Life Is Strange replay (Episode 1, full game spoilers) 

Replaying this to experience its mystery knowing its solution and to influence (probably a single line of dialogue in) later games; its story has major flaws, chiefly that it's still Bury Your Gays: The Game, hates disabled people, and relies on violence against women for shock value. In replaying it I'm going to talk about its successes but it's important to note that every one of them is undercut by those gargantuan and inexcusable missteps

Life Is Strange replay (Episode 1, full game spoilers) 

The thing I still appreciate about it as a game is how against its core mechanic it seems to be; Max has the ability to "rewind time" (savescum reality), feels she needs to do it in certain tense moments, and the player can also do this with trivial social interactions if they want. Either way, it turns the world around her into a sandbox and removes agency from the people in her life. She is now peerless, and that makes her dangerous

Life Is Strange replay (Episode 1, full game spoilers) 

It'd be one thing if it was exclusively used to prevent senseless tragedies like Chloe's death, but after every major conversation Max has the player is treated to her inner monologue asking "Did I do the right thing?"; I decided to avoid using rewinds whenever possible, it still took an iron will for me to ignore it. It's been a few years, but I don't remember it having a tangible or lasting effect on the game world either way

Life Is Strange replay (Episode 1, full game spoilers) 

A lot of players responded to this with "Oh, so every choice is a lie, then? Great, glad I paid $25 for this." but the alternative scenario, where you CAN use it for micro-optimization toward an ideal playthrough, is one of the bleakest scenarios possible. Oh, you didn't get the ending where all the good people are happy and safe in Max's dollhouse? Well, why not, there's literally no reason not to! Your choices truly matter here, you see

Life Is Strange replay (Episode 1, full game spoilers) 

I think the game telegraphs the dubious morality of its time travel system in a variety of ways, but less obviously through the inclusion of Warren, a character who would take advantage of a Kindness Coins system for real people if such a thing existed IRL. An alternate version of this game where he's the hero would be horrifying and also get a mixed-to-positive Steam user review rating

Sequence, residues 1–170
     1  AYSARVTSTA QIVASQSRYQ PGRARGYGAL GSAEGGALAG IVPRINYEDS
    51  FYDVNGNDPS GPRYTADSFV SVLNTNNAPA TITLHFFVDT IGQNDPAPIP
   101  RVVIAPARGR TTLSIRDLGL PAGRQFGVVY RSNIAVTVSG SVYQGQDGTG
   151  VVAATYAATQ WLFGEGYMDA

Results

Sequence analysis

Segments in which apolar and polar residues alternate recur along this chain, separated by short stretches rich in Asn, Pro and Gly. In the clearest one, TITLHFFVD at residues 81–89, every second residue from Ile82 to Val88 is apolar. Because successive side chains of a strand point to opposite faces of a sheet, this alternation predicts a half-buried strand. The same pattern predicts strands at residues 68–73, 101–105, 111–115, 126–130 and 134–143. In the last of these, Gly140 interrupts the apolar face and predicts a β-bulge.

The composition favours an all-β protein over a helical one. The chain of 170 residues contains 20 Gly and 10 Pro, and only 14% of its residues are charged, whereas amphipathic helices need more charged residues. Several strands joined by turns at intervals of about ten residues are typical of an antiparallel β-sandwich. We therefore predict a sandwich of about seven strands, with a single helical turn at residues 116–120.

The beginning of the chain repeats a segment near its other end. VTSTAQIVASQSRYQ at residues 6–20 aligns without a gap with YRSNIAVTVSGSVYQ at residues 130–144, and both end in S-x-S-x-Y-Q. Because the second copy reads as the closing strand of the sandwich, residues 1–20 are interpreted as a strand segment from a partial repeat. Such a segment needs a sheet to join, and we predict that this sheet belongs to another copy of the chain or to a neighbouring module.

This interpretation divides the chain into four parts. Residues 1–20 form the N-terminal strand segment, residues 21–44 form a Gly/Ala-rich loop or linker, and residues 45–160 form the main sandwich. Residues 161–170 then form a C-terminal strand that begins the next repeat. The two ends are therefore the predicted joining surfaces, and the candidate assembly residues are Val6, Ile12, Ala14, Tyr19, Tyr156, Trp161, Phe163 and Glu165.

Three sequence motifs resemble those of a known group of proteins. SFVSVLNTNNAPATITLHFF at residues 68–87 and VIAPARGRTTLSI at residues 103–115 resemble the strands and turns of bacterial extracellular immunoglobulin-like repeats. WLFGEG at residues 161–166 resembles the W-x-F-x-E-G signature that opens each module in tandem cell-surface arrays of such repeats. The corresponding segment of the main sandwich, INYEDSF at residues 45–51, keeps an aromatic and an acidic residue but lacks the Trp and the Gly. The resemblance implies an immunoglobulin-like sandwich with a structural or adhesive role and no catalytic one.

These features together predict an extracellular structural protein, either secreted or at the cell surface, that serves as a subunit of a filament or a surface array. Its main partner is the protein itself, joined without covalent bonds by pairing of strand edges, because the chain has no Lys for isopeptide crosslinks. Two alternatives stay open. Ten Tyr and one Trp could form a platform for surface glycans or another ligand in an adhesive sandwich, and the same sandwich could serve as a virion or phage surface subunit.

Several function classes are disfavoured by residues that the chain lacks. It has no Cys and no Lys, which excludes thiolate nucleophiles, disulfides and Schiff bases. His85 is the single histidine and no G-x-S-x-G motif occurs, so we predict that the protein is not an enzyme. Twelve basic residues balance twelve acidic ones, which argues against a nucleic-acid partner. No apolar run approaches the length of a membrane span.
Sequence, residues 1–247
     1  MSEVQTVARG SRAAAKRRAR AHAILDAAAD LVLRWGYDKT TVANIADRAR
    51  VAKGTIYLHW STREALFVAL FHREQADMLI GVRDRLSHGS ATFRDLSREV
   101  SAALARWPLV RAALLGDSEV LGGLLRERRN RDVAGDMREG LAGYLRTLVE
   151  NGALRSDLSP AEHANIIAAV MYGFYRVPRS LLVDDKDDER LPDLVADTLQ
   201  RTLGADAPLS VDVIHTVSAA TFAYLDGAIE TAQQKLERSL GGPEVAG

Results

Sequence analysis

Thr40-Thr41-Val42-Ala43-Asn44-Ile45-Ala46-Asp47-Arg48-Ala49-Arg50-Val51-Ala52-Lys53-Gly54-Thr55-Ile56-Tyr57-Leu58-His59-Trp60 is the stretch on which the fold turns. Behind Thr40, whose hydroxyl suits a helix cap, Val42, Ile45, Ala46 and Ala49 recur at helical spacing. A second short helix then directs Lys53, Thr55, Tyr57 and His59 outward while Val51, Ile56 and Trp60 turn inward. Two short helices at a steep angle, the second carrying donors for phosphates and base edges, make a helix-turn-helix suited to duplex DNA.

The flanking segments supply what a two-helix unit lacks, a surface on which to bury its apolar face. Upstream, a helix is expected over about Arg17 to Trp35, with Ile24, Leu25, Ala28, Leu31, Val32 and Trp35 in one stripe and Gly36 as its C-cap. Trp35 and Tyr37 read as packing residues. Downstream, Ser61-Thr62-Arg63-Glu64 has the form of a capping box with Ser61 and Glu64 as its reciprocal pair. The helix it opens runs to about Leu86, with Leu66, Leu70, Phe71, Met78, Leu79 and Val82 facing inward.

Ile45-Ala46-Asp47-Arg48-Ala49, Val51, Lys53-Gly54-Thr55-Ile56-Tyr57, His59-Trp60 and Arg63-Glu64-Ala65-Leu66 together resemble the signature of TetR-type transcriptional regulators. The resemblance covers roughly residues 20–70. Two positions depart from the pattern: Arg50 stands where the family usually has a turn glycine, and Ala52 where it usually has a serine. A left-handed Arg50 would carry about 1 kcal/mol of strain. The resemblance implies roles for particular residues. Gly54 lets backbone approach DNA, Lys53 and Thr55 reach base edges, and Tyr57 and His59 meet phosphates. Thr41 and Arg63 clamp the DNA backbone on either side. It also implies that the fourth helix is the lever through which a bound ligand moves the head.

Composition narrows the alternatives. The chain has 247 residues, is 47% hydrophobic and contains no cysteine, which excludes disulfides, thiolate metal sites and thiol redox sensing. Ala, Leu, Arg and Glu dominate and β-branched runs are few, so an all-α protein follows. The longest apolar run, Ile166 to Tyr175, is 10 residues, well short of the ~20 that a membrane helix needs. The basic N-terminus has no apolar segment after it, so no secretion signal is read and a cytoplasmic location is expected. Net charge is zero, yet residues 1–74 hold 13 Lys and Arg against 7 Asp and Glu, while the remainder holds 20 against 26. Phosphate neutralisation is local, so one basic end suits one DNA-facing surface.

Life Is Strange replay (Episode 2, full game spoilers, suicide CW) 

Well, that was unexpected; Kate Marsh took her life in this playthrough (I was able to save her in my first one years ago). I was ready, I even took note of her family relationships and the bible passage she didn't cross out, but I accidentally had Max lecture her, causing her to jump before I could bring up anything personal. I'm not too broken up (the ending I'm targeting saves her life) but I was tempted to restart the chapter

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Life Is Strange replay (Episode 3, full game spoilers, suicide CW) 

That said? The start of episode 3 makes no sense considering these events. A student just died and Warren's asking her to schedule a movie night? Chloe wants to go on detective adventures just a few hours later? An IRL Max who'd been in that situation would be in physical shock in the moment and emotionally scarred for life, but episodic games can't diverge too greatly and she's a player character, so she just shakes it off

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Life Is Strange replay (Episode 3, full game spoilers, suicide CW) 

A bit of episode 5 sneaks its way into Max's FB wall with a bunch of people insulting her for fucking up so bad, which was a nice touch; for all the story's callousness and writing flaws I do appreciate its attempts to get under the player's skin this way, I feel like I could spend some time in text unpacking this moment and how I feel in it

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